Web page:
Conference Paper Joint Empirical Social Science Seminar
'Do As I Say, Not As I Do!' An Analysis of Young People's Time Use, Considering Parent's Time Use
29 Nov 2006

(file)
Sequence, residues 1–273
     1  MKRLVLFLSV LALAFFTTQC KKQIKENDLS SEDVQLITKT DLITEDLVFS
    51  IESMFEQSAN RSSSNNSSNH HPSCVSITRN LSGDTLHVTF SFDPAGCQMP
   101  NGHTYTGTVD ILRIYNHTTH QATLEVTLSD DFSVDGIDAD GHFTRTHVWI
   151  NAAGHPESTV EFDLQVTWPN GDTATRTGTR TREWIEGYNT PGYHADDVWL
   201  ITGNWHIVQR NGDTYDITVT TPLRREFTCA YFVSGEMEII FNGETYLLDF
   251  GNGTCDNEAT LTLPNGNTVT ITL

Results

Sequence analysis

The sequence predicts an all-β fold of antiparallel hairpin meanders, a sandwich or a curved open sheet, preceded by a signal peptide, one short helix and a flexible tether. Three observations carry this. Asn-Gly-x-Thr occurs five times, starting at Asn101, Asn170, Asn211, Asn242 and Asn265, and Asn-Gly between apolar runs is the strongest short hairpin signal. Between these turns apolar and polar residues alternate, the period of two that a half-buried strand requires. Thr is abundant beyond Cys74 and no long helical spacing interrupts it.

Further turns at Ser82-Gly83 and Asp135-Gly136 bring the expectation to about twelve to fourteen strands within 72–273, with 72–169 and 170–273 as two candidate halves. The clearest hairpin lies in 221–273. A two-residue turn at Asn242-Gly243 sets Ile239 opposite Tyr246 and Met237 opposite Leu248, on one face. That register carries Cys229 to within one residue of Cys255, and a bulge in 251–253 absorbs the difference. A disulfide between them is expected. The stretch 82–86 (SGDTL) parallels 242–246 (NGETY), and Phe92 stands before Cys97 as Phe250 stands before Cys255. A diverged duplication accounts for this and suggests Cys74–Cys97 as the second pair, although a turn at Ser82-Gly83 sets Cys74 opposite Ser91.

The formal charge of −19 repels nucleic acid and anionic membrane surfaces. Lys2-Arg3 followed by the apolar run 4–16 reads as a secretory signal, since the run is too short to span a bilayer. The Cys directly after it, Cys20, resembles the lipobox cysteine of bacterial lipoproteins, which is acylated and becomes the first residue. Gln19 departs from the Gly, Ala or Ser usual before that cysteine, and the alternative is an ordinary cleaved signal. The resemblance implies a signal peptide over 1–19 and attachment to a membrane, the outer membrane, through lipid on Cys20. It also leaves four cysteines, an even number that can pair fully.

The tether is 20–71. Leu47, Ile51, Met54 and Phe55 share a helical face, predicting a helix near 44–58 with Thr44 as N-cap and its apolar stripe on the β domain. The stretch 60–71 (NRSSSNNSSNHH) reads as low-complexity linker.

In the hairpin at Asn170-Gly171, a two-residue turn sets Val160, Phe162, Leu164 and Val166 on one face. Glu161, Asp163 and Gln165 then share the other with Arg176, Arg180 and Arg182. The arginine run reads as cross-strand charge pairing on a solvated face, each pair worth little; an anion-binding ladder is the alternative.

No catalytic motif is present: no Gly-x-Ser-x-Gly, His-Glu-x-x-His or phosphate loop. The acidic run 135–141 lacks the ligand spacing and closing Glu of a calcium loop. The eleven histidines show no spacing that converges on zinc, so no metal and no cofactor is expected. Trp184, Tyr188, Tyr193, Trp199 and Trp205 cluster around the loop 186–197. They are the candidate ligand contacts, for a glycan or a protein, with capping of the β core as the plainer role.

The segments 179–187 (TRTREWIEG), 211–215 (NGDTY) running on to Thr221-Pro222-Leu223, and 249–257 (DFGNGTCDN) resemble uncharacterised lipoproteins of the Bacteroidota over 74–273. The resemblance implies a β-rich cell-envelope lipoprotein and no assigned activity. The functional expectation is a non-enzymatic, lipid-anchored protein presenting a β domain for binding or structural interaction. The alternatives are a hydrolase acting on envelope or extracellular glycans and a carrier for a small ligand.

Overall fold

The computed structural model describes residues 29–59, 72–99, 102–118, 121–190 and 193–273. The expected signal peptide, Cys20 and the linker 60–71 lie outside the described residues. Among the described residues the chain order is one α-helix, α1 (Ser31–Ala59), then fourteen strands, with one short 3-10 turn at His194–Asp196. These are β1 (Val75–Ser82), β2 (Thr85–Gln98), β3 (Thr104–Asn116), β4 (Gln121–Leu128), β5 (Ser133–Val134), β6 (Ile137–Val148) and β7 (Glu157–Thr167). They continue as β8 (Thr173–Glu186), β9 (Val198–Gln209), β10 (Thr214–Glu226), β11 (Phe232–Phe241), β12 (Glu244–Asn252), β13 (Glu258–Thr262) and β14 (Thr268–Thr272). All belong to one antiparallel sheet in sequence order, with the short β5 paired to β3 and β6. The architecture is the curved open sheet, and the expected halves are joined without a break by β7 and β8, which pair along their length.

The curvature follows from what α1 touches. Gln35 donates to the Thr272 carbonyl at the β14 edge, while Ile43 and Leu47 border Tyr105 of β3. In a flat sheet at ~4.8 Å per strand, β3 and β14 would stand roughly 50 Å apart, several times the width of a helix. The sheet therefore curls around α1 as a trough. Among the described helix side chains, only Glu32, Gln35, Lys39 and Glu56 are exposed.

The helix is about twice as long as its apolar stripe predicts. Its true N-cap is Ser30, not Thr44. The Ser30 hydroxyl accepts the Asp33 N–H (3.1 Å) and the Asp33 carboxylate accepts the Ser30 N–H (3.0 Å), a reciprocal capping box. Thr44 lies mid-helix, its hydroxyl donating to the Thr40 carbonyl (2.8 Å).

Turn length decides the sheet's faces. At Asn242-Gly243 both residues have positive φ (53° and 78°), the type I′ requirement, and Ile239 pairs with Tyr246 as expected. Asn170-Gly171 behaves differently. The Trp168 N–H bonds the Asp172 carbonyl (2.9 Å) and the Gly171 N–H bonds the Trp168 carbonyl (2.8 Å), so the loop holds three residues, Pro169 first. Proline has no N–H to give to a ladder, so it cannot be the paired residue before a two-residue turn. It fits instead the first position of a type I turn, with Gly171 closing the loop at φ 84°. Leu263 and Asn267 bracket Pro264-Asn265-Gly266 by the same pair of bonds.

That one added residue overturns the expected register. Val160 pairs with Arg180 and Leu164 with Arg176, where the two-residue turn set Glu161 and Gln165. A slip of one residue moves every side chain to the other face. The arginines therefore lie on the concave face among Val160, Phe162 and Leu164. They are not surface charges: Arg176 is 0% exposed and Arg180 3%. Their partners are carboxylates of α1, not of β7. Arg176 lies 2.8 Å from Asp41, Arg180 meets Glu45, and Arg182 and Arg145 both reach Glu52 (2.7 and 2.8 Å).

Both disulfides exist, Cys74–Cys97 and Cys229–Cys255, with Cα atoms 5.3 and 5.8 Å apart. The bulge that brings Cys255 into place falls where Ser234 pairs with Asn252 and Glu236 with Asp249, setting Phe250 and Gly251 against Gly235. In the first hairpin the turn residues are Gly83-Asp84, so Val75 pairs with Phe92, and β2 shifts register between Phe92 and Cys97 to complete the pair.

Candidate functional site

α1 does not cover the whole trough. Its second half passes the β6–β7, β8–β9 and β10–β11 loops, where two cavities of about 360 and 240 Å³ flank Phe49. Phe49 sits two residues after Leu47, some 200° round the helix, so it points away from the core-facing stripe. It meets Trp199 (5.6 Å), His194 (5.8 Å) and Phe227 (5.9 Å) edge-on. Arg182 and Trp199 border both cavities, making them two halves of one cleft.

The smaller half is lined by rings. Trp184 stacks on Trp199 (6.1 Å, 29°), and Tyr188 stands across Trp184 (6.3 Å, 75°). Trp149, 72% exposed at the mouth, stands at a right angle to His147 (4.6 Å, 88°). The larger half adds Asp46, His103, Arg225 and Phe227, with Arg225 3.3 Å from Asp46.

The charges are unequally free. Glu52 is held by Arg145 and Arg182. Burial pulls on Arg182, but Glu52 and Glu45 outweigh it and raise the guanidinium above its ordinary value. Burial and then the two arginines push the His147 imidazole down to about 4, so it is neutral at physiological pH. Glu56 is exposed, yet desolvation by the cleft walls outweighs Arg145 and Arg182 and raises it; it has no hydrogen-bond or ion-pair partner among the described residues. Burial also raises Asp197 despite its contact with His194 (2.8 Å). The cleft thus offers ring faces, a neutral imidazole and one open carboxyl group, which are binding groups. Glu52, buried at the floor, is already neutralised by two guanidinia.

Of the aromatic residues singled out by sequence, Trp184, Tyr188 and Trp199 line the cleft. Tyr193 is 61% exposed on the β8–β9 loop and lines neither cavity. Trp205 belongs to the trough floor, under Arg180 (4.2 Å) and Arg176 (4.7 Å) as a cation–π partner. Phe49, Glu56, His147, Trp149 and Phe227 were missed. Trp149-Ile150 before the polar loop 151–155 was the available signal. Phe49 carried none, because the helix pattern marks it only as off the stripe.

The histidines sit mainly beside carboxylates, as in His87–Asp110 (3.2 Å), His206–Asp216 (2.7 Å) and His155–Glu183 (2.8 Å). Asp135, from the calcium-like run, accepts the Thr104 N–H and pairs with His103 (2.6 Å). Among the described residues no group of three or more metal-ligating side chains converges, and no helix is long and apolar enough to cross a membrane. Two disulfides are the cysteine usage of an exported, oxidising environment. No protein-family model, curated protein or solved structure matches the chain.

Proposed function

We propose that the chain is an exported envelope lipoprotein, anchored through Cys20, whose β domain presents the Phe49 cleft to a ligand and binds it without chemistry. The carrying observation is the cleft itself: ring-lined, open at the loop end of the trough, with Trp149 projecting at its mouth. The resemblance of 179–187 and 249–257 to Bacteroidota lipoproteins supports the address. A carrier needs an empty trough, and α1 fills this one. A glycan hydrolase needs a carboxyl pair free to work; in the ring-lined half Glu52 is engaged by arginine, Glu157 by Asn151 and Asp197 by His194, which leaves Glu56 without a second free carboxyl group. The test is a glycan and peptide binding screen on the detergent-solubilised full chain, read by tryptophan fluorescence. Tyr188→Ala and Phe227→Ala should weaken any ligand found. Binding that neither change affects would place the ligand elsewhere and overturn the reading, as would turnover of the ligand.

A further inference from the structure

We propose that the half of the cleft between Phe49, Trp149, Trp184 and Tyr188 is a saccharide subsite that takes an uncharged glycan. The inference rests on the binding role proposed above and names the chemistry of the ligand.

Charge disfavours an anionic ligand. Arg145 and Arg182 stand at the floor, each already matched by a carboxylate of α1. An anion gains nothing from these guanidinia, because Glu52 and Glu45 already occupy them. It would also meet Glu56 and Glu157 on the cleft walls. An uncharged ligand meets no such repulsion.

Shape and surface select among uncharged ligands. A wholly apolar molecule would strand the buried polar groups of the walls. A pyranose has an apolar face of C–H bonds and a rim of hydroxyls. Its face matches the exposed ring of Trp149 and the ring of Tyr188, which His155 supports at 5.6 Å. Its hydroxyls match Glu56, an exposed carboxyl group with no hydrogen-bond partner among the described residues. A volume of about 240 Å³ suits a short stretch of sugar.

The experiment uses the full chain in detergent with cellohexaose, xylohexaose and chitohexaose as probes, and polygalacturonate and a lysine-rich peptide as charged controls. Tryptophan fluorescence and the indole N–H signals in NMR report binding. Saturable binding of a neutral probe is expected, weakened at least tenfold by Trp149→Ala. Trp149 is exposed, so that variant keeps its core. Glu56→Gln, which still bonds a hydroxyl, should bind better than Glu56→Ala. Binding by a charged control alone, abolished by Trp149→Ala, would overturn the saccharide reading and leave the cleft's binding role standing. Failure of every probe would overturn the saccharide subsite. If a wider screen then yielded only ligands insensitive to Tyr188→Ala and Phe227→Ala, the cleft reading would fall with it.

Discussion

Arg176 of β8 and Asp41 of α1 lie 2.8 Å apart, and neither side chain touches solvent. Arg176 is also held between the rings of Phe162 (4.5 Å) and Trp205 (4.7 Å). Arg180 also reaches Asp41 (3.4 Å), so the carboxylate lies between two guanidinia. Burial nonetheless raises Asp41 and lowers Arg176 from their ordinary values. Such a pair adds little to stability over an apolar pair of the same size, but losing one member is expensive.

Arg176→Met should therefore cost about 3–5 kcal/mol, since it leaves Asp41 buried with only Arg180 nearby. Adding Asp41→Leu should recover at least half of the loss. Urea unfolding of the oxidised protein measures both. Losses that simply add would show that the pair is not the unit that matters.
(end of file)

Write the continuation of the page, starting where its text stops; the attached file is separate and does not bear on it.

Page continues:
There has been little research conducted looking at how young people in the UK spend their time, and how this time may be affected by their parents. Against a backdrop of increasing concern about anti-social behaviour, young people's time use, and interaction with their parents can provide a useful source of information, which could inform a wide range of social policy. This paper focuses on four activities that young people (aged 8 - 18 years) in lone mother and two parent households may engage in throughout the day. These activities are playing indoor games, watching TV, reading and doing domestic chores. Taken together these activities form a broad spectrum of the general types of activity a person engages in. The paper analyses the effects of the young person's age and gender on their engagement in these activities. It also analyses the effects of their parent's education, employment status and occupation. In most respects the results echo those from other research. Further to this the paper attempts to gauge the extent to which young people's engagement in these activities is affected by their parent's engagement in these activities. I find that engagement in these activities is positively affected by a parent's engagement, if the young person is at the same location whilst their parents are doing the activity, giving weight to the proposition that parent's actions are very important. The research employs a novel methodology for analysing time use data; in that the dependent variable is the number of times a young person does an activity throughout the day, as opposed to the total quantity of time. In other words, the dependent variable is a count variable, and is analysed as such. It is argued that this approach is one that has considerable potential in future time use research.